Sundance says: “Now one of the world’s most celebrated artists, Yayoi Kusama broke free of the rigid society in which she was raised, and overcame sexism, racism, and mental illness to bring her artistic vision to the world stage. At 88 she lives in a mental hospital and continues to create art.” I say: I love what little I know about this artist, looking forward to seeing many more details filled in.

Half the Picture (dir Amy Adrion)
I say: I met director Amy Adrion a couple years ago at Sundance when she was just starting to collect interviews for her documentary about female directors. I was flattered when she asked me to sit for one of those interviews, too, and Amy and I have since become friends. So yes, I’m the badass in this case! Just kidding, rumor is I was left on the cutting room floor in order to make room for more bad ass female directors. I’m not mad, I swear.*

Revenge (dir by Coralie Fargeat)
Sundance says: “Three wealthy married men get together for their annual hunting game in a desert canyon. This time, one of them has brought along his young mistress, who quickly arouses the interest of the other two. Things get dramatically out of hand as a

Still from Revenge

hunting game turns into a ruthless manhunt.” I say: Love the idea of the “young mistress” trope being turned on its head!

 

 

Quiet Heroes (dir by Jenny Mackenzie and Amanda Stoddard)
Sundance says: “In Salt Lake City, Utah, the socially conservative religious monoculture complicated the AIDS crisis, where patients in the entire state and intermountain region relied on only one doctor. This is the story of her fight to save a maligned population everyone else seemed willing to just let die.”

Ophelia (dir by Claire McCarthy)
Sundance says: “A mythic spin on Hamlet through a lens of female empowerment: Ophelia comes of age as lady-in-waiting for Queen Gertrude, and her singular spirit captures Hamlet’s affections. As lust and betrayal threaten the kingdom, Ophelia finds herself trapped between true love and controlling her own destiny.” I say: An empowered Ophelia!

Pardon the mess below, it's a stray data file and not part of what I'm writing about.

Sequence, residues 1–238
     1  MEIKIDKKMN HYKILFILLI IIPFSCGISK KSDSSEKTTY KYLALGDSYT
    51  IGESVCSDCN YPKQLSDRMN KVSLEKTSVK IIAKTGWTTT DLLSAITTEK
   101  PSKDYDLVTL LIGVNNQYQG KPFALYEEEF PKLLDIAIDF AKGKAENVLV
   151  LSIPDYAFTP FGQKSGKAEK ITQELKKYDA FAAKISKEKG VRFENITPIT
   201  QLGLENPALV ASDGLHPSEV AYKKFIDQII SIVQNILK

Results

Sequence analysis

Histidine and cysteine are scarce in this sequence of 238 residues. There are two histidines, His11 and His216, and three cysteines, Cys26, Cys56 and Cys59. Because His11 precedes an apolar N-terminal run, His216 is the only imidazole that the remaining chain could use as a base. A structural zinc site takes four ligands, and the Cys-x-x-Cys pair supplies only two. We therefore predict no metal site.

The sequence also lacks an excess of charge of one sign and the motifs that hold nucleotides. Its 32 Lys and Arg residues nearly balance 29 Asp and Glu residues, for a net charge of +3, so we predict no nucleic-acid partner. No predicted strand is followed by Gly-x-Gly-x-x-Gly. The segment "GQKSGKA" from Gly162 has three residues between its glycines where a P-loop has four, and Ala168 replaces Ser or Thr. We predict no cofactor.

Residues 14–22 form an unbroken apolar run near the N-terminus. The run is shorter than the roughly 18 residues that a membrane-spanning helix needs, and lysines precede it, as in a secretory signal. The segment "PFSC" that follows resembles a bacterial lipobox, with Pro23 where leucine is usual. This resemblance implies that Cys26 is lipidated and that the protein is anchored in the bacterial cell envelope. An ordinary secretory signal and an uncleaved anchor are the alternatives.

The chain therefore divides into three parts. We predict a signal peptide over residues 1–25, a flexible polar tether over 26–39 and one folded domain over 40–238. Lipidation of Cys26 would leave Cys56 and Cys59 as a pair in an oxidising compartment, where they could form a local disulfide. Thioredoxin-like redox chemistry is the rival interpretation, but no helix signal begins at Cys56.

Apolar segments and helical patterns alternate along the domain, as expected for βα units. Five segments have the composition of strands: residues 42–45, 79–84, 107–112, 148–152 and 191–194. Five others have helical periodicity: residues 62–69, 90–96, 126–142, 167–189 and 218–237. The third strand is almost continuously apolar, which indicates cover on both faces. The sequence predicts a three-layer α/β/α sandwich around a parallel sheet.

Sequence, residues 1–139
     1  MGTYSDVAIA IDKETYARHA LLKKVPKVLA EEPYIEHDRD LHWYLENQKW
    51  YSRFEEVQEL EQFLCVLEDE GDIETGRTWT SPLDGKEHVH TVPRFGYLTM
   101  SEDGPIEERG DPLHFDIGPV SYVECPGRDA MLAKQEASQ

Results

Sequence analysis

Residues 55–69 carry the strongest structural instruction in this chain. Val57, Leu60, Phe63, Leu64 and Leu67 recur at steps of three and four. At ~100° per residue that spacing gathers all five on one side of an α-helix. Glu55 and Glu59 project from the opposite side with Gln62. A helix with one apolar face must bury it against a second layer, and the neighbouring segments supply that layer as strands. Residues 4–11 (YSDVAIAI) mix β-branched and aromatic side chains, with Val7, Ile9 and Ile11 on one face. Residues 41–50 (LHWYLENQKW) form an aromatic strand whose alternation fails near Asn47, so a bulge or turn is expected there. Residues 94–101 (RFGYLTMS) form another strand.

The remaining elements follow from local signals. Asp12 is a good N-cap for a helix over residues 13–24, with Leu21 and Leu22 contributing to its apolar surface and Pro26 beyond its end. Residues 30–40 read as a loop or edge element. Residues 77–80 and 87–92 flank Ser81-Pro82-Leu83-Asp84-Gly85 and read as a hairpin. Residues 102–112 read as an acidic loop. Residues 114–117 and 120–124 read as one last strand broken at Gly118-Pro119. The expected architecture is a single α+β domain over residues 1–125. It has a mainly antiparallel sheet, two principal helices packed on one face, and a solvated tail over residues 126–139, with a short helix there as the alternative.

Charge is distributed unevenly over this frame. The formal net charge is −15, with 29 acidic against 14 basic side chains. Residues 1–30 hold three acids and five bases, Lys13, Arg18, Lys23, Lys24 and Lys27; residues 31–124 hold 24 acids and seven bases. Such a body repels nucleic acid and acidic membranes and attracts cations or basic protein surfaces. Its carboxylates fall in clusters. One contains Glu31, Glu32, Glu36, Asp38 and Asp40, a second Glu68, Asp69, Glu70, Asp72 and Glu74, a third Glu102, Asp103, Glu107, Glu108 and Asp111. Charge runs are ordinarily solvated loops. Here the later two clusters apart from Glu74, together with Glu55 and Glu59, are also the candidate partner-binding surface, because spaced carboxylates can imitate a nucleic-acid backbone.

Special mention: Bad Reputation (dir by Kevin Kerslake) Not directed by a woman, but damn, Joan Jett’s going to be at Sundance, y’all!

Switcharoo!

Who says you have to stay in your lane? These familiar names are flexing their creative muscles in new genres and mediums:

Leave No Trace (dir by Debra Granik)
Sundance says: “A father and daughter live a perfect but mysterious existence in Forest Park, a beautiful nature reserve near Portland, Oregon, rarely making contact with the world. A small mistake tips them off to authorities sending them on an increasingly erratic journey in search of a place to call their own.”

The Tale (dir by Jennifer Fox)
Sundance says: “An investigation into one woman’s memory as she’s forced to re-examine her first sexual relationship and the stories we tell ourselves in order to survive; based on the filmmaker’s own story.”

Skate Kitchen (dir by Crystal Moselle)
Sundance says: “Camille’s life as a lonely suburban teenager changes dramatically when she befriends a group of girl skateboarders. As she journeys deeper into this raw New York City subculture, she begins to understand the true meaning of friendship as well as her inner self.”

About Us

Sundance always has timely films that give viewers an opportunity to consider current issues in different ways and this year is no different. Here are three women-directed films that I suspect will start some interesting conversations:

This Is Home (dir by Alexandra Shiva)
Sundance says: “This is an intimate portrait of four Syrian families arriving in Baltimore, Maryland and struggling to find their footing. With eight months to become self-sufficient, they must forge ahead to rebuild their lives. When the travel ban adds further complications, their strength and resilience are put to the test.” I say: Can we make this required viewing at the White House?

A film still from This is Home by Alexandra Shiva, an official selection of the World Cinema Documentary Competition at the 2018 Sundance Film Festival. Courtesy of Sundance Institute | photo by Gidalya Pictures.

Dead Pigs (dir by Cathy Yan)
Sundance says: “A bumbling pig farmer, a feisty salon owner, a sensitive busboy, an expat architect and a disenchanted rich girl converge and collide as thousands of dead pigs float down the river towards a rapidly-modernizing Shanghai, China. Based on true events.” I say: China’s influence grows, but we still barely truly know the people of this dynamic country. I’m hoping this film will entighten and expand our view of its diverse people.